We caught a two-for-one lunch deal with HBO's Ross Greenburg this week. No, it wasn't one of those two-for-one type of restaurants. We're talking about the conversation, not the cuisine.
The talk centered around HBO's 24/7 franchise and how the network is now venturing into NASCAR. So to read the NASCAR portion of this post, you will have to click here and visit our Trading Paint blog. For a preview of the upcoming 24/7 Pacquiao-Cotto series, stay right here.
The Pacquiao-Cotto series debuts on Saturday and starts with Miguel getting his ninth tattoo and then saying goodbye to his wife and children in Puerto Rico. He heads to training camp in Tampa. But the real drama occurs in the Philippines, which were ravaged by typhoons and flooding while Pac Man was training in the mountains.
"Manila was under water," said Greenburg. "There were 25 inches of rain and in the midst of all of this, here's Manny Pacquiao training for a fight..."
Pause for effect.
"And we had the only cameras there," added Greenburg.
So compelling was the storm footage that Greenburg sent some over to CNN, which is a sister company.
Pacquiao selected Baguio -- six hours north of Manila by car -- as the site of his training camp because he could do road work in the mountains. But the rains made it nearly impossible to run, so instead, HBO has nice shots of him swimming in an indoor pool while it's storming outside.
Also, according to reports from the Philippines, Pac Man's entourage has grown, which always makes things entertaining.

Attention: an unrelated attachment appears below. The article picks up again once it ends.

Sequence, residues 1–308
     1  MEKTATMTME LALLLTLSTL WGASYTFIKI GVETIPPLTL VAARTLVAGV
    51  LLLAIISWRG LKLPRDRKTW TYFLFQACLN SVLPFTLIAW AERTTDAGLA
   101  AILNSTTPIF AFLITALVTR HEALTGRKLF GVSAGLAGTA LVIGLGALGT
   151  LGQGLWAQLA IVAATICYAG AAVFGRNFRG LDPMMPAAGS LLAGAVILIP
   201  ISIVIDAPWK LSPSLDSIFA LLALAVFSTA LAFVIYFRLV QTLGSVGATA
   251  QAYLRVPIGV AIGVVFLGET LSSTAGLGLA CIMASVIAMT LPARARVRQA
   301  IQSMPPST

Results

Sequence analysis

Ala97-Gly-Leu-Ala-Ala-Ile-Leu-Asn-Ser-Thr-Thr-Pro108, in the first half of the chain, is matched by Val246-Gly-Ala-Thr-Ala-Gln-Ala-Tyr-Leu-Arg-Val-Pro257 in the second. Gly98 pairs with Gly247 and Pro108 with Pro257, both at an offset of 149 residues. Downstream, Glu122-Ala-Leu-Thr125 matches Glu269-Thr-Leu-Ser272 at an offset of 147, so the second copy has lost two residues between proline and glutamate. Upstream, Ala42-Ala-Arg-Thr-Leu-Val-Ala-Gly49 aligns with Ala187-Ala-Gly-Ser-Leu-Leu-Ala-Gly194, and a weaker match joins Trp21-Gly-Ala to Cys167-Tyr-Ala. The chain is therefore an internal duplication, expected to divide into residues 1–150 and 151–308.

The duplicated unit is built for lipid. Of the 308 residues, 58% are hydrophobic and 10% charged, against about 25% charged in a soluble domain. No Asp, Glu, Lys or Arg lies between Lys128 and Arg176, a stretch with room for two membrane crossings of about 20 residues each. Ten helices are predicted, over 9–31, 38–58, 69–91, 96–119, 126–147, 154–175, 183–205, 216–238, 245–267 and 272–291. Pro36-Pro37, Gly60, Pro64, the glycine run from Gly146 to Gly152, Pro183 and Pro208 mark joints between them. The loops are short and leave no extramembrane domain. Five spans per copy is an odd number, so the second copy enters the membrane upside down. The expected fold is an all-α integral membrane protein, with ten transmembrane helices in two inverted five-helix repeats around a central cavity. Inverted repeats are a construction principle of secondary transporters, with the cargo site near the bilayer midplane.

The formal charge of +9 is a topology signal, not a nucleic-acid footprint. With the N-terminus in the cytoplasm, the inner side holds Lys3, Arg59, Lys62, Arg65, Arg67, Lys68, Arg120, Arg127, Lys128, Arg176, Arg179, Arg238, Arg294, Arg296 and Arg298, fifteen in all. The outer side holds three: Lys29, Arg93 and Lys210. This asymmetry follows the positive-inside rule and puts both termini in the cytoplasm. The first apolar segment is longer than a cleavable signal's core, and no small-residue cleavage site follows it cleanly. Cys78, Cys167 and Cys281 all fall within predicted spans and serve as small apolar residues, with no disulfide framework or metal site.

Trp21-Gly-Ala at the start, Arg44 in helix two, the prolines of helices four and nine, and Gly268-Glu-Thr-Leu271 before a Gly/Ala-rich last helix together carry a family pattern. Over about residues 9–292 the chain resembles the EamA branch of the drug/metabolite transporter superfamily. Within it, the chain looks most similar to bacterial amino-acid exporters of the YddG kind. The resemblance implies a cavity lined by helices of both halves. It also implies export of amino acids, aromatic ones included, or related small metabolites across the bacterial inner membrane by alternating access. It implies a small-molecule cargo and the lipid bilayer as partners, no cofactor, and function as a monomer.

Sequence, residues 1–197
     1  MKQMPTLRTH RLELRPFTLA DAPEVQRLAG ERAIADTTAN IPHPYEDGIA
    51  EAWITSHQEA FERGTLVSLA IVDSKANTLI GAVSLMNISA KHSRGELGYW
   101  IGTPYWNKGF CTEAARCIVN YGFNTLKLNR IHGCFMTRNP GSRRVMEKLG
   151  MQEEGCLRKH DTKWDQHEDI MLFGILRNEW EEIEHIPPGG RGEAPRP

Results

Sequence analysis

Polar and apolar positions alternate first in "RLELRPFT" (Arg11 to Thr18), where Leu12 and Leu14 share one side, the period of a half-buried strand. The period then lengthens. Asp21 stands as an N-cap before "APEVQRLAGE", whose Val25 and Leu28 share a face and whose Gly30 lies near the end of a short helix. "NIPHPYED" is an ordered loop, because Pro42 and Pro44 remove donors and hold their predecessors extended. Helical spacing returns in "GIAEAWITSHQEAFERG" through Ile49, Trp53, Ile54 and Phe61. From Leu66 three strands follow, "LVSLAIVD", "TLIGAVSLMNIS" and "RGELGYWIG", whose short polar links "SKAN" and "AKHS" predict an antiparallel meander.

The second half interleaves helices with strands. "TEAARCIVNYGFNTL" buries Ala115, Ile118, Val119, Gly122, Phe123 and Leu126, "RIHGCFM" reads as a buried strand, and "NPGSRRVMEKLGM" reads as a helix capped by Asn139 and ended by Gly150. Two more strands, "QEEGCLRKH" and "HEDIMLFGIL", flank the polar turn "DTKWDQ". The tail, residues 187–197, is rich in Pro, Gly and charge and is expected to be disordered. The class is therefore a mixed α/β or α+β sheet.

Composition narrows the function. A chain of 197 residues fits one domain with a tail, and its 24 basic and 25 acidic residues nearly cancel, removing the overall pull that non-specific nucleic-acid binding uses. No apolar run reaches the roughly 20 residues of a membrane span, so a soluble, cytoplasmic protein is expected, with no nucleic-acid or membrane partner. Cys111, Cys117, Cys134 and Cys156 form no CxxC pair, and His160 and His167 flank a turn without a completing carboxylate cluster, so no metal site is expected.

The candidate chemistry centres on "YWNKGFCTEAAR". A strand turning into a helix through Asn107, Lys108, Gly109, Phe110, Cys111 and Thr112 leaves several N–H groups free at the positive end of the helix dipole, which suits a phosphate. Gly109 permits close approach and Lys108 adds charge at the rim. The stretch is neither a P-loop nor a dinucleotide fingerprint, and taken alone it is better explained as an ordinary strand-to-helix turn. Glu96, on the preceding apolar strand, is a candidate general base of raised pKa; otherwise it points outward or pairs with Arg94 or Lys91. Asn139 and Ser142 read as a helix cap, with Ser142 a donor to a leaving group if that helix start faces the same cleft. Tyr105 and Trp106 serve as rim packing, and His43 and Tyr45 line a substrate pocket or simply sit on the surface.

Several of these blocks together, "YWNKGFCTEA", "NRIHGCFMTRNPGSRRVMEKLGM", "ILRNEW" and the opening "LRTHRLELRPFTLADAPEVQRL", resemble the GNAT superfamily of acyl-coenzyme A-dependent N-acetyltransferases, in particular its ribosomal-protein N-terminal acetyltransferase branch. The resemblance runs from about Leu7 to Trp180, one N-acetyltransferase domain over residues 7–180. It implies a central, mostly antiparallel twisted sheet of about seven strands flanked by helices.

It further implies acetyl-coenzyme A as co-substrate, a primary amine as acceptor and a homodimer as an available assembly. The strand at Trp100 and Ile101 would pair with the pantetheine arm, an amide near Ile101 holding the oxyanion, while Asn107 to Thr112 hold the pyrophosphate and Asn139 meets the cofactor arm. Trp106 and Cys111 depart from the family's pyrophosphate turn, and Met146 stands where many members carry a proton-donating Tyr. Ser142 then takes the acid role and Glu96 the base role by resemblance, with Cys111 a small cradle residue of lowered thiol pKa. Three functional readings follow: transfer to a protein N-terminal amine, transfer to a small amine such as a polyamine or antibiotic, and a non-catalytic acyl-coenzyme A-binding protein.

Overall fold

Joining us for lunch was HBO's Ray Stallone, who said that the ratings for 24/7 continue to rise. "Anytime [Floyd] Mayweather is involved, we see a spike in ratings," said Stallone. "And it's going up in the 18 to 35 demographic. That's so heartening. These are our new fans."
There are a certain generation of people who are forever hooked on boxing because they watched the "Friday Night Fights," with their dad in the 1950s. Perhaps 24/7 has the same impact. Greenburg hears from all kinds of individuals who watch the series, including a lot of celebrities. One of them, NASCAR champ Jimmie Johnson, will soon have his own 24/7 experience.
Greenburg first hatched the idea for 24/7 prior to the Floyd Mayweather Jr.-Arturo Gatti fight. But HBO decided to wait for a mega fight and thus the series debuted with the Mayweather-Oscar De La Hoya showdown.
"Ross knew the future of boxing was not KO Nation," said Stallone.
The unequivocal star of the series has been Money Mayweather.
"In my mind, he and his family launched the show," said Greenburg. "That's what everyone was talking about around the water cooler, the Mayweathers."
So the ultimate 24/7 could end up being Mayweather-Pacquiao, a megafight that should be next if Pacquiao gets past Cotto. Despite the politics that can often cripple boxing, Greenburg feels that fight is too big not to make.
"I think it has to happen," he said. "You knew Leonard had to fight Hearns at some point. You knew Tyson had to fight Spinks at some point. When two fighters are on a collision course, the collision has to happen."